Private sector marketing offers “checklist” for healthy eating policy

By Sarah Hills

- Last updated on GMT

Related tags Healthy eating Nutrition

MAPP on healthy eating promotion: "...public-private partnerships should be used much more"
MAPP on healthy eating promotion: "...public-private partnerships should be used much more"
Emotional appeal and reacting quickly to trends are among the marketing success factors that new research has identified to help develop healthy eating policies.

The European Union-funded project EATWELL has looked at private sector marketing techniques to see whether they could be applied to the public sector in its efforts to promote healthier eating.

EATWELL (Interventions to Promote Healthy Eating Habits: Evaluation and Recommendations) aims to provide European member states with best practice guidelines for developing policy interventions to encourage healthy eating across Europe.

Jessica Aschemann-Witzel, assistant professor and researcher at MAPP, Centre for Research on Customer Relations in the Food Sector, at Aarhus University, led the research that was based on selected case studies of successful marketing techniques.

She said: “We especially selected cases that had some health relations so either it was a healthy product, or it was maybe a food product that was communicated with regard to healthiness, or it was maybe a product that was reformulated and therefore had health relations.”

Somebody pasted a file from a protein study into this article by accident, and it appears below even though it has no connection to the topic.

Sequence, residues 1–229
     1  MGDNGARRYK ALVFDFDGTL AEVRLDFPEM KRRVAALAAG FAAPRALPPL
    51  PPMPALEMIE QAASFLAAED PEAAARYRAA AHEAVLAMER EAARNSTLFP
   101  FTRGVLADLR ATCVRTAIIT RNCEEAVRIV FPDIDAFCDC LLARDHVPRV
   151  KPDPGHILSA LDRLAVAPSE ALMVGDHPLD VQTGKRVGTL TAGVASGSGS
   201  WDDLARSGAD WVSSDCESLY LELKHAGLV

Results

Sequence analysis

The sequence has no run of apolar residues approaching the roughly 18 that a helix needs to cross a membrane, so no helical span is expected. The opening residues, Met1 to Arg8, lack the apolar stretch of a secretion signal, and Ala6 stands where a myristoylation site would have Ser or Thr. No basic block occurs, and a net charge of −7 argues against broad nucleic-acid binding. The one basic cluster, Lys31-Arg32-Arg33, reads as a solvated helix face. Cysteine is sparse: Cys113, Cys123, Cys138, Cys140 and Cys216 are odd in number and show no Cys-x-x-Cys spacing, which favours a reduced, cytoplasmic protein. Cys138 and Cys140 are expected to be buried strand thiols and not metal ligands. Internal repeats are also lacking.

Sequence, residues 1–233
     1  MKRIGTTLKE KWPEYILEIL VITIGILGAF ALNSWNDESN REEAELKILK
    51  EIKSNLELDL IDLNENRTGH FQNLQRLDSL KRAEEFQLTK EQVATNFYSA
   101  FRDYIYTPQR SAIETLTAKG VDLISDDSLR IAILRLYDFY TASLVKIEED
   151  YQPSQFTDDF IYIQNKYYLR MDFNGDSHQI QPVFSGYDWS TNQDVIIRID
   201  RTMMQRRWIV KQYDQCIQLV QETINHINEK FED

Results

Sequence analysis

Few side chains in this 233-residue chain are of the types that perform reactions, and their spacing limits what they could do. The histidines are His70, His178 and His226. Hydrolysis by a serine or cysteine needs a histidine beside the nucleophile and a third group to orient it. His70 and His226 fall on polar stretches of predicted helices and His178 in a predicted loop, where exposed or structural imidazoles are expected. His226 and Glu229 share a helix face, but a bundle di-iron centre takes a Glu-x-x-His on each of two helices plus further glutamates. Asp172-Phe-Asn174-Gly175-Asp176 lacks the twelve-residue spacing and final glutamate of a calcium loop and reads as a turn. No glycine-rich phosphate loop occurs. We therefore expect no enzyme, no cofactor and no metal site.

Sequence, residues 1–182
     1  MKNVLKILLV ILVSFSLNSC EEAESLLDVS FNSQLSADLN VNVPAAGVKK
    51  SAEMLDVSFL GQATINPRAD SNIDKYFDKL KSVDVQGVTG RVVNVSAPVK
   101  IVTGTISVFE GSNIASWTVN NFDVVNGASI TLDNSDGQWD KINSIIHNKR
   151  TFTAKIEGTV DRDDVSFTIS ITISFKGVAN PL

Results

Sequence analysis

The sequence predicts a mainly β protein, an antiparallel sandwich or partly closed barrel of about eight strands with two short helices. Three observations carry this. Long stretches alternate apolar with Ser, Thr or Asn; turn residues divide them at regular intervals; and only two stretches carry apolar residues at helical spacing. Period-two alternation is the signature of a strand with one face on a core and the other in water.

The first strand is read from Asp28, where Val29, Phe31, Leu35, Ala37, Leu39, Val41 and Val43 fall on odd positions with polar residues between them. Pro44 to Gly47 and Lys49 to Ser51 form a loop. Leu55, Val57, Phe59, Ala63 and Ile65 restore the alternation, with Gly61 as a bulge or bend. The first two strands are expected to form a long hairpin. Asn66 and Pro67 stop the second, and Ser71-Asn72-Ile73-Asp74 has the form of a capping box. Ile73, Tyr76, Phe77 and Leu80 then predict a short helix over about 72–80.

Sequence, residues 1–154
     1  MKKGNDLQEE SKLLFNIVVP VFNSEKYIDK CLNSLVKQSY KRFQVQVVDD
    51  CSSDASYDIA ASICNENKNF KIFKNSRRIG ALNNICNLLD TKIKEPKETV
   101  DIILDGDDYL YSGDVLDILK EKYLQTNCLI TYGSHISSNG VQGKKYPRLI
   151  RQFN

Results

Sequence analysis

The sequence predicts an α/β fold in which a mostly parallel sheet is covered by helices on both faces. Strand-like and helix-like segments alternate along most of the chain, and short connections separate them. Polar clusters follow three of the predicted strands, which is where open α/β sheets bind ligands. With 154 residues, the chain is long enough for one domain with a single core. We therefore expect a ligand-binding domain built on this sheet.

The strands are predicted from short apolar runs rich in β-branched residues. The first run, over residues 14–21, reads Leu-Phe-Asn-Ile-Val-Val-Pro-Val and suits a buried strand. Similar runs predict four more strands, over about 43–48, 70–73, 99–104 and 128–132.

They also took a mix of cases from across Europe, different company sizes and product categories, for example. Then the researchers identified common threads among them, called ‘success factors’.

The result is a model of how healthy eating campaigns could be improved, according to Aschemann-Witzel, who was speaking in a podcast about the research published on the European Food Information Council (EUFIC) website.

Trend awareness

She said that one factor was trend awareness and making use of trends when designing healthy eating campaigns.

She added: “Another recommendation would be to have a stronger emotional appeal. These kind of campaigns make it possible to link with common values and of course one recommendation was that the information should be simple, clear and achievable and also the short-term benefits should be stressed.

“We also recommend that public-private partnerships should be used much more. Then the know-how could be shared and it might be more easy to use these success factors.”

Because the research was based on case studies, Aschemann-Witzel pointed out that there was no statistical assessment so there were no guarantees.

Also obstacles that might be faced include lack of funding, scepticism towards marketing-like approaches and organisational structures that make it difficult to react quickly trends.

However, she said: “Our model in a way can be like a checklist when designing a healthy eating campaign.”

Tackling unhealthy diets has become a public health challenge as obesity statistics in most Member States have doubled over the last 20 years, according to a report last year from the European Commission and the OECD.

EATWELL also investigated national policy interventions that have been used to encourage physical activity and healthy eating across the EU. It aims to identify the gaps, success and failures of these campaigns to develop best practice guidelines for the future.

Related topics Science Packaging & labelling

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